• Thaden, E. (1984). Russia’s Western Borderlands, 1710-1980, Princeton, N.J.: Princeton University Press.
  • Ther, P., & Kreutzmüller, C. (2014). The Dark Side of Nation-States: Ethnic Cleansing in Modern Europe. New York: Berghahn Books.[19]
  • Von, H. & Herbert J. (2011). War in a European Borderland: Occupations and Occupation Plans in Galicia and Ukraine; 1914–1918. Seattle, WA: University of Washington.

Discover more about General surveys of Ukrainian history related topics

Serhii Plokhy

Serhii Plokhy

Serhii Plokhy, or Plokhii is the Mykhailo Hrushevsky professor of Ukrainian history at Harvard University, where he also serves as the director of the Harvard Ukrainian Research Institute.

Bibliography of Russian history

Bibliography of Russian history

The bibliography of Russian history consists of the following sections:Bibliography of the history of the Early Slavs and Rus' Bibliography of Russian history (1223–1613) Bibliography of Russian history (1613–1917) Bibliography of the Russo-Japanese War Bibliography of Russia during World War I Bibliography of the Russian Revolution and Civil War Bibliography of Stalinism and the Soviet Union Bibliography of the Soviet Union during World War II Bibliography of the Post Stalinist Soviet Union Bibliography of Russian history (1991–present)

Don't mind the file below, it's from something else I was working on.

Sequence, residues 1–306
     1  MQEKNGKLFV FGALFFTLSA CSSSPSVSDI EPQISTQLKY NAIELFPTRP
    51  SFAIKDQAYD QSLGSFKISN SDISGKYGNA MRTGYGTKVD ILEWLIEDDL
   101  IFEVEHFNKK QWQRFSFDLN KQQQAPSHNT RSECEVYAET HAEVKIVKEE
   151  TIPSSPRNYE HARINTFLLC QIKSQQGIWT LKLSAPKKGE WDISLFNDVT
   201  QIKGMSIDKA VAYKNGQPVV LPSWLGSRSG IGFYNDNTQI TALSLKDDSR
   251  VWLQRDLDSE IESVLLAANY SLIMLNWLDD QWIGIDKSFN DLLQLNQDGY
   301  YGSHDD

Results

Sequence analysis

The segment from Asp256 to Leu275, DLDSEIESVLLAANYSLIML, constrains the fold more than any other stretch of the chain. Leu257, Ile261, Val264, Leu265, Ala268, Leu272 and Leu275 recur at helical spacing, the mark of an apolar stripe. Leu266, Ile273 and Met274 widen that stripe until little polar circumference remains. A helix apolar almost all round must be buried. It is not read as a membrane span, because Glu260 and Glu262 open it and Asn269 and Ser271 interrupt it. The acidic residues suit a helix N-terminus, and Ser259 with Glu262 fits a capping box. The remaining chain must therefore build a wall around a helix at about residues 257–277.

Alfred Rieber

Alfred Rieber

Alfred J. Rieber is an American historian specializing in Russian and Soviet history.

Timothy D. Snyder

Timothy D. Snyder

Timothy David Snyder is an American historian specializing in the modern history of Central and Eastern Europe, who is the Richard C. Levin Professor of History at Yale University and a permanent fellow at the Institute for Human Sciences in Vienna.

Bloodlands

Bloodlands